Welcome to Zooming In, I’m Simone Gao. China is experiencing one of its worst floods in a century, and the end hasn’t yet arrived. As buildings and villages are washed away, how are the locals responding? How are government officials handling the crisis? Is this purely a natural disaster, Have human factors made things worse? Today we’ll look at both sides in this episode of the China Angle.
More bizarre weather is striking China. Snow has China’s southernmost province, the tropical island of Hainan. A magnitude 5.1 earthquake struck the city of Tangshan on July 12. This was one of six earthquakes inside China in a two day period. The last earthquake in Tangshan city, in 1976, killed over 240,000 people. Further, current flooding in China is the worst in 100 year’s time.
Flooding is not new to China, let’s take a quick look at how these disasters have shaped China.
According to Chinese history, a disastrous flood was the birth of the first Chinese dynasty, known as the Xia dynasty. 4000 years ago, one man, named Yu the Great, managed the consistent and destructive flooding of the Yellow River, turning the land around it into an agricultural powerhouse. That is, the birth of the first Chinese dynasty was through flooding. Fast forward to the 20th century, and we find that the 3rd worst flood in human history happened during China’s communist revolution. Soviet engineering and low design standards were to blame. Today, what sort of historical impact will today’s flooding have on China?
Time will tell for that question, but for right now, the ones bearing the brunt of the disaster are the average Chinese citizens.
Monsoon rains usually fall in China during the months of july and august. This year, the rains started in June, and have not relented. Most of the flooding so far has been restricted to the southern half of China. The vice minister of water resource said that the rainfall along the Yangtze river was between 1.5 and 2.6 times more than the previous year. Officials are expected to evacuate affected locals. The locals tell another story.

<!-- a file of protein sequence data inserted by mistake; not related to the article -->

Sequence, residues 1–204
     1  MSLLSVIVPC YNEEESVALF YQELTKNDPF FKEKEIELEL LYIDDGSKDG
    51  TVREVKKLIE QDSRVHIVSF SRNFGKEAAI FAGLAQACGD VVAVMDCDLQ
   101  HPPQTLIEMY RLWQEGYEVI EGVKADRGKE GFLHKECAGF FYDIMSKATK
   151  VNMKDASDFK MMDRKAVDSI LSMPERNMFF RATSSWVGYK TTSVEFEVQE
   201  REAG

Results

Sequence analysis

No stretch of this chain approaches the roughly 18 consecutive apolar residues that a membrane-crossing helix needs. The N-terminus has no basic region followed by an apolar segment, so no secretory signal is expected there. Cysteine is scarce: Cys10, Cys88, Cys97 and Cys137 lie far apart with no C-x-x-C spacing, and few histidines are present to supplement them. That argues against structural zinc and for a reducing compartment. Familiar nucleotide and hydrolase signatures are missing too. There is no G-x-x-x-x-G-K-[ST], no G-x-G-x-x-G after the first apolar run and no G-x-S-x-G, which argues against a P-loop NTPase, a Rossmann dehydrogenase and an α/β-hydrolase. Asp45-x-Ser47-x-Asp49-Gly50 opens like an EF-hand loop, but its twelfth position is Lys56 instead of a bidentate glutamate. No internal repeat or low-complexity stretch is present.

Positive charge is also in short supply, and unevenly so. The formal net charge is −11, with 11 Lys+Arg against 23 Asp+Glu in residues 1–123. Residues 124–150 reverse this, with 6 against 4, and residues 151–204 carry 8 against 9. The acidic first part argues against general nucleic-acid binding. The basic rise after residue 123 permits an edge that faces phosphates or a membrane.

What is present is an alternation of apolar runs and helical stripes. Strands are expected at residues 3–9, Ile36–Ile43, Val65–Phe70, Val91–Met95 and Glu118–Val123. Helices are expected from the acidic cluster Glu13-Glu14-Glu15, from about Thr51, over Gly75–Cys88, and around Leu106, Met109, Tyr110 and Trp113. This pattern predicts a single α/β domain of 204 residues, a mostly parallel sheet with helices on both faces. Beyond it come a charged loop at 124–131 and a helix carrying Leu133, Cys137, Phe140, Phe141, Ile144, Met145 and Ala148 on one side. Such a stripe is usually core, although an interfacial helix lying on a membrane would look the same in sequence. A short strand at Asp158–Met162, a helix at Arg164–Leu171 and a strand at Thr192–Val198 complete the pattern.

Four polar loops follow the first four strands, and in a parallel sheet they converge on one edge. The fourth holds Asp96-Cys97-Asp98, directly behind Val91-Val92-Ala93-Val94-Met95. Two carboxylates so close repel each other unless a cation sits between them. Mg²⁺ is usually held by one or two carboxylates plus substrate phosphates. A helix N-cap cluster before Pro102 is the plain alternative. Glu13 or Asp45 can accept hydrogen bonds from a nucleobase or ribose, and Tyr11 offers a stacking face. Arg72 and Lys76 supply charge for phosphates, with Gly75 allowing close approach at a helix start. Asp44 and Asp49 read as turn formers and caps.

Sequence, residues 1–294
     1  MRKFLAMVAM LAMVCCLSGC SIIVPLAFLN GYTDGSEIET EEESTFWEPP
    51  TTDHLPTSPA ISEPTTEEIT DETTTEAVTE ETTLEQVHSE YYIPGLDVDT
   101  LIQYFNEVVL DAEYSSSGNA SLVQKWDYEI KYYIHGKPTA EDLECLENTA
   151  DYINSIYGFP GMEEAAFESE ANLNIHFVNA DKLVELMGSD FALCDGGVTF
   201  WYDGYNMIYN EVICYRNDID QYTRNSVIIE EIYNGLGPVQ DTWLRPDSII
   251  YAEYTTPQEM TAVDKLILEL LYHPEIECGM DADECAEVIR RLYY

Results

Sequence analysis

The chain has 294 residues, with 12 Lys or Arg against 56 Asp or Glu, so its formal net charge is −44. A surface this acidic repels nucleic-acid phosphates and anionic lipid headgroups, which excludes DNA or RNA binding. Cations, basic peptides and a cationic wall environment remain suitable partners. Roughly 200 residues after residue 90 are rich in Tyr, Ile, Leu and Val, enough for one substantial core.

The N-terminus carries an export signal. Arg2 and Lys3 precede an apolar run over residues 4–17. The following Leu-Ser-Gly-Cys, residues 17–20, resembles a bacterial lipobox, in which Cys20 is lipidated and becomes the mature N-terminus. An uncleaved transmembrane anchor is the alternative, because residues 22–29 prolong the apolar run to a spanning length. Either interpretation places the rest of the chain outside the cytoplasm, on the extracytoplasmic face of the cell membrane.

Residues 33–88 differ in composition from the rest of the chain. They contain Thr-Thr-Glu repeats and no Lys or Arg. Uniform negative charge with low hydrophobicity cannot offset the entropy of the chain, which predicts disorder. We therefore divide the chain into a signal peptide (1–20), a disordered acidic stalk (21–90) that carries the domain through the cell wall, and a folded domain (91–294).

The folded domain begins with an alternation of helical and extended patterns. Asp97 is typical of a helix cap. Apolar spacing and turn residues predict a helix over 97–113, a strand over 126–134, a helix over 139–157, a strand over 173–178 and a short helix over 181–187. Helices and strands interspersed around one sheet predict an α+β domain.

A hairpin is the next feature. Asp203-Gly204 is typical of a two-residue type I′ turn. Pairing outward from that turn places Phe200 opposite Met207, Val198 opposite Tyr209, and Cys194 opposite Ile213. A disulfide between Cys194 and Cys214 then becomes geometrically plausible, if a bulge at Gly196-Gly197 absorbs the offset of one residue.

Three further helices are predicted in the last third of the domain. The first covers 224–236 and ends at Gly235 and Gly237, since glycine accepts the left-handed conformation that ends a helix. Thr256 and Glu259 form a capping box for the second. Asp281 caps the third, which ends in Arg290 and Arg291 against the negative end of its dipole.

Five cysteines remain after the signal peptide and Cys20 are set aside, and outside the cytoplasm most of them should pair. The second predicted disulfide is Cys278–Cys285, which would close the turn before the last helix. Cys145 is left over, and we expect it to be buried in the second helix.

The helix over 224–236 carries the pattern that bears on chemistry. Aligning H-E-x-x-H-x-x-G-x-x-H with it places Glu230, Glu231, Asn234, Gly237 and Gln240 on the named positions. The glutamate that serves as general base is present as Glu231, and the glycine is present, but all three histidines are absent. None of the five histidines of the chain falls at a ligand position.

Phone interviews with the Chinese division of Epoch Times came from people in several provinces down the Yangtze river, including Hubei, Anhui, and Jiangxi. These three provinces are downstream of China’s three gorges dam. It is one of the largest dams in the world, and has come under scrutiny in the wake of the floods.
A consistent claim was that officials did not offer assistance to people. Further, locals claim that, because of embankment breaches, authorities are discharging flood water from lakes and rivers. One man, surnamed Wang, said that officials were abandoning reinforcements on smaller dikes to protect large ones. Wang and 12,000 others from the city of Tongling have retreated to shelters. He said that the shelters lack basic flood-time necessities, like drinking water, tents, raincoats, and insect repellent. He said food was also limited. Wang said all he and the others can do is to nervously wait, wondering if their property will be swept away.
And there are disasters upstream too. The first major city before the three gorges dam is Chongqing. Rain began falling on July 1st, and water filled into the first floors of buildings by the next day. This area, though affected, is not as severe as the cities downstream of the three gorges dam.
This disaster was predicted by one Chinese hydrologist, who opposed the three gorges dam since the idea was first presented. Huang Wanli consistently warned the CCP about the disasters that would follow building such a dam, yet was imprisoned and disgraced from his work position. Now his children are pointing out the warnings and predictions their father made years ago.
On July 12, one of Huang’s sons, named Huang Guanhong, told NTD news that whether the dam releases the water or not, there will be massive flooding. “If the Three Gorges Dam doesn’t release its waters, Chongqing city [on the upper stream] will be submerged. If the dam discharges water, Wuhan [on the downstream] would be inundated. The latter is the current situation.”
Statements from the dam management said all of the power facilities within are operating at maximum capacity, implying that the maximum amount of water is passing through it. One expert hydrologist named Wang Weiluo said that releasing water from the three gorges at this time is making the destruction up to 25 times worse. That is, it is not just the volume of water, but the flow speed of the water is being increased. The flow is 25 times more than a normal flood, making for a much more destructive flood.